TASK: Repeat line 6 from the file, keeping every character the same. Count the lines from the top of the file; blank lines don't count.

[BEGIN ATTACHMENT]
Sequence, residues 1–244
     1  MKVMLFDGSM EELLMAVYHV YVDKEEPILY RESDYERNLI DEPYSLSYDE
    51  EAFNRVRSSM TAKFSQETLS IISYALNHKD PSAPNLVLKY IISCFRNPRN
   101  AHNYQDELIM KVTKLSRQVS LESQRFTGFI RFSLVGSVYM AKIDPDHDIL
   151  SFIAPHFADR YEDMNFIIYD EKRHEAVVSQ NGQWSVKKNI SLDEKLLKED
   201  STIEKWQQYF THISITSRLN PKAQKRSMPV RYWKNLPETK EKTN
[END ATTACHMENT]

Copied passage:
   201  STIEKWQQYF THISITSRLN PKAQKRSMPV RYWKNLPETK EKTN